Road to the future: What'll tomorrow's tires look like?
Cooley On Cars
Goodyear is actually serious about its idea for tires that are omnidirectional things, riding on magnetic levitation, like we showed you January of 2016.
Back then, they imagined a new kind of foam in the tread grooves, so water on the road would create pressure that automatically creates deeper grooves to deal with it.
Now they're going further, first with a rubber that is 3D printed, with the ability to stretch and shrink like human skin.
But it loosens, it can create dimples that work better in wet weather, stretching tight again, makes it close to a slit, ideal for dry pavement.
And it doesn't hurt that a ball-shaped tire is a natural water evacuator.
Now, of course, today you have to use the phrase AI in every sentence when you announce a new product.
In this case, they say the tire would use AI to do things like sensing damage, and maybe deciding to rotate on its axis to keep the damage more out of the load path.
If this is all too much to take seriously, Goodyear is also showing something more down to Earth.
IntelliGrip Urban, a new kind of tire for autonomous fleets.
Like what Uber wishes they already had.
Sensors monitor the tires Wear, inflation or damage because let's face it, when nobody drives the car there maybe no one to keep an eye on it's tires until there's a big problem.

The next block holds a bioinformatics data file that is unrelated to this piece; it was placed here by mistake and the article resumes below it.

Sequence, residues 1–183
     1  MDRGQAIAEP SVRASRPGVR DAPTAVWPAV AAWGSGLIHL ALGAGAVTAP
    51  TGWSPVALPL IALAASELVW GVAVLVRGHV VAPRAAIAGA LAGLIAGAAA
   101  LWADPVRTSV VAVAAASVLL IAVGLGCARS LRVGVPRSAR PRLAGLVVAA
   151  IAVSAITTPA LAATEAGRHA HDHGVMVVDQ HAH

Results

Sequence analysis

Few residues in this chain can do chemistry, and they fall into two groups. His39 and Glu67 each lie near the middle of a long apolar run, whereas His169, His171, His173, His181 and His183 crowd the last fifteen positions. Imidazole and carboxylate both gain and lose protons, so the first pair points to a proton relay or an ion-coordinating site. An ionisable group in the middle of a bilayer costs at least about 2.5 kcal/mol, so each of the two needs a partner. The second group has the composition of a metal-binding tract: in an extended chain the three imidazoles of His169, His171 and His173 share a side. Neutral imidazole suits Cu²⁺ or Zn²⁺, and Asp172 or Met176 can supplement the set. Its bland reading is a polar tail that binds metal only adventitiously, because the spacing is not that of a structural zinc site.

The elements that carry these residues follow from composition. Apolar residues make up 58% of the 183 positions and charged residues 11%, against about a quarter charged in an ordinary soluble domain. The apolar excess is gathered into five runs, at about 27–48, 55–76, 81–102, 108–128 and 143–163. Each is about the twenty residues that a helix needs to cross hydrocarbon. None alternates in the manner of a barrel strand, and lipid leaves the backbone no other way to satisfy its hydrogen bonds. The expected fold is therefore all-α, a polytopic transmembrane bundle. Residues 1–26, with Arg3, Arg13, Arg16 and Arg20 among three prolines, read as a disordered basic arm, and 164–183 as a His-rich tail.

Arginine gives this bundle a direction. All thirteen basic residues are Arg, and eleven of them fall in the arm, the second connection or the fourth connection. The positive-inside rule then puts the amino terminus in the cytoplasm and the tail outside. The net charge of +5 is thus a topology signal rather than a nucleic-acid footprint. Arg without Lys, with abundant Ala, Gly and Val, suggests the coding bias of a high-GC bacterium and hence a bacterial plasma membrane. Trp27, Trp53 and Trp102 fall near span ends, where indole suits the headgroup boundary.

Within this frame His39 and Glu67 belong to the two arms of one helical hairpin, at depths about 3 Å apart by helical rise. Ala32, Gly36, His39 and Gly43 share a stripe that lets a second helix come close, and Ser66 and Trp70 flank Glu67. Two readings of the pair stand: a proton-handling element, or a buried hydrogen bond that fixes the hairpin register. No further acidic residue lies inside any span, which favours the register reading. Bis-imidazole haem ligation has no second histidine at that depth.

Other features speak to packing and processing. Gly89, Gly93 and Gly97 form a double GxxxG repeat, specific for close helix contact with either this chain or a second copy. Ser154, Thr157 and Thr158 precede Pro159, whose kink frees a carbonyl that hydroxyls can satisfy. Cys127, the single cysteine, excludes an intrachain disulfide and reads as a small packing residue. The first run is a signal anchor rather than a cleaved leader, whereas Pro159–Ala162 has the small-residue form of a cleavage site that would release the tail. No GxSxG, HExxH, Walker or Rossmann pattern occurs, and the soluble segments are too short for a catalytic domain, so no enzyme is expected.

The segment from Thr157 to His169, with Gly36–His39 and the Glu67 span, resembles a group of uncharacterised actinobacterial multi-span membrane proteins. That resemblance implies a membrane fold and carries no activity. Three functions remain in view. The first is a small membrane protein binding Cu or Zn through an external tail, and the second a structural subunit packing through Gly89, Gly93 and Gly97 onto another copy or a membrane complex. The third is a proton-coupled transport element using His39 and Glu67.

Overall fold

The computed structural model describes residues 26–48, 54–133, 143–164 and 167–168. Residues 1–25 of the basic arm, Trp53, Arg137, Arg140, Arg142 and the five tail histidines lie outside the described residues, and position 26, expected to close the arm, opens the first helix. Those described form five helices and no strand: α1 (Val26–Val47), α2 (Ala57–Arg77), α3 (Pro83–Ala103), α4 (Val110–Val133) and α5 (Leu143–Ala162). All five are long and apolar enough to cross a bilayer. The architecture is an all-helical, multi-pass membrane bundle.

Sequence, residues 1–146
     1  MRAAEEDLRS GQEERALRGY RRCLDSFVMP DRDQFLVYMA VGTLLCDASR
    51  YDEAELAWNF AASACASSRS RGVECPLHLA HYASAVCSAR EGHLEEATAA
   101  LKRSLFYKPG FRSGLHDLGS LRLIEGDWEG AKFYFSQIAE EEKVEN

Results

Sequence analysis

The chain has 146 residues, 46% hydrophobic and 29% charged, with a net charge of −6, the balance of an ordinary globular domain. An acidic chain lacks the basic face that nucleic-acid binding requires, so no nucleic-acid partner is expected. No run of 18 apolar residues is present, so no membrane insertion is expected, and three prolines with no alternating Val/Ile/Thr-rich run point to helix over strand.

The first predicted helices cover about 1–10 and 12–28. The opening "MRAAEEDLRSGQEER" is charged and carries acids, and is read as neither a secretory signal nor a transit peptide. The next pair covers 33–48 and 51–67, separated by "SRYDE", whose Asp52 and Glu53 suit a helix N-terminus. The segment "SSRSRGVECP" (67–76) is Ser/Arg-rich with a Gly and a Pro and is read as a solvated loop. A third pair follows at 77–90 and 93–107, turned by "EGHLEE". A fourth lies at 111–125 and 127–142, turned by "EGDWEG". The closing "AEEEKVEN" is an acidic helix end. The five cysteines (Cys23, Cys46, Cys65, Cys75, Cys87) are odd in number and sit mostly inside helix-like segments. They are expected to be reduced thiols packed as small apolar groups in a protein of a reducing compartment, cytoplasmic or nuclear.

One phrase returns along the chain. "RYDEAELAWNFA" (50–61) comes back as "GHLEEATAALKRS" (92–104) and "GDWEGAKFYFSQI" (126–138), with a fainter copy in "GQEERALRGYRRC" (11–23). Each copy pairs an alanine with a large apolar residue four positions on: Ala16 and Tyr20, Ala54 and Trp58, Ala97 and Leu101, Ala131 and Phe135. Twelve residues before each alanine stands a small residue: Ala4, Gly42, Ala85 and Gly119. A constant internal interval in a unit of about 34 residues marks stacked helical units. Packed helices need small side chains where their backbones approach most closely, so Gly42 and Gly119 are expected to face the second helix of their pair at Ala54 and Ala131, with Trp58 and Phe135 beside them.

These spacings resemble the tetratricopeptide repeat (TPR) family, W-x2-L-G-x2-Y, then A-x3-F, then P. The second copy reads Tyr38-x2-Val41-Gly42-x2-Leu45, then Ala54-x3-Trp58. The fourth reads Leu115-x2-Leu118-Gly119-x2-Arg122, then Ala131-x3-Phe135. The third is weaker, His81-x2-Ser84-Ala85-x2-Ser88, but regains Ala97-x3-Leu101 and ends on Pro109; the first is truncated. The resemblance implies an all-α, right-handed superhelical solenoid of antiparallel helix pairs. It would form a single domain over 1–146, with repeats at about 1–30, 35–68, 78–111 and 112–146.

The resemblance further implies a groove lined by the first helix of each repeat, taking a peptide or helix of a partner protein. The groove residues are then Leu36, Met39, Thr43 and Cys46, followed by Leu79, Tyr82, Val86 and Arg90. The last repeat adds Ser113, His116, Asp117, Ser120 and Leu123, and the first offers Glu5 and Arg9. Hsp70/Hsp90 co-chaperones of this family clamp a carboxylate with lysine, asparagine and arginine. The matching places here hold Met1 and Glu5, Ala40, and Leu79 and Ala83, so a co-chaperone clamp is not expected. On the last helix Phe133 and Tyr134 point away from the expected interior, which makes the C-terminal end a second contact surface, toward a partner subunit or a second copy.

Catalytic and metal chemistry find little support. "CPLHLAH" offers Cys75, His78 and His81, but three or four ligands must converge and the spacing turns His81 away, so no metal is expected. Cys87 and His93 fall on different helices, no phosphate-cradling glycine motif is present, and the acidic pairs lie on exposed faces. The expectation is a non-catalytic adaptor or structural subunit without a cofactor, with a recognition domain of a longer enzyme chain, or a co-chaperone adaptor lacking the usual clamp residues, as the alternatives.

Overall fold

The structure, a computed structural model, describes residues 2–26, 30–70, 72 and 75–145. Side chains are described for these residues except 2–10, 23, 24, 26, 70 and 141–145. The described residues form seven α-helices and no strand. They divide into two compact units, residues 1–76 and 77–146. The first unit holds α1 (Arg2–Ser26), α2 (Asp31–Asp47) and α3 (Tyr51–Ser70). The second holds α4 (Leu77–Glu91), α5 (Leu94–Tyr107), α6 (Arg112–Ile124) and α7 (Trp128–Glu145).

[UNKNOWN] will be tall narrow things for low rolling resistance, to use less gas or get more EV range.
These aren't sports cars after all.
They also talk about sweating the design of sipes.
Those are the knife cuts you see on some tires.
They're much finer than the large grooves between tread blocks.
Goodyear says more and different sipes can improve all-weather performance while still resulting in a service that is smoother.
Which creates less noise, making for a quieter city.
Now like Goodyear, Pirelli's thinking connected as well.
Their Coneso or connected tire will have a sensor inside that sends info to the Pirelli Cloud.
About pressure, wear, or damage and monitors condition based on the model and application of the tire on your kind of car.
It can even track the history of use to know when the tire needs replacing, order it's replacement, and book a Shop appointment.
This is where it all begins to sound a bit too much like a way to sell us more tires more often, but I'm willing to withhold judgement until these [UNKNOWN] hit the market, summer of 2017.
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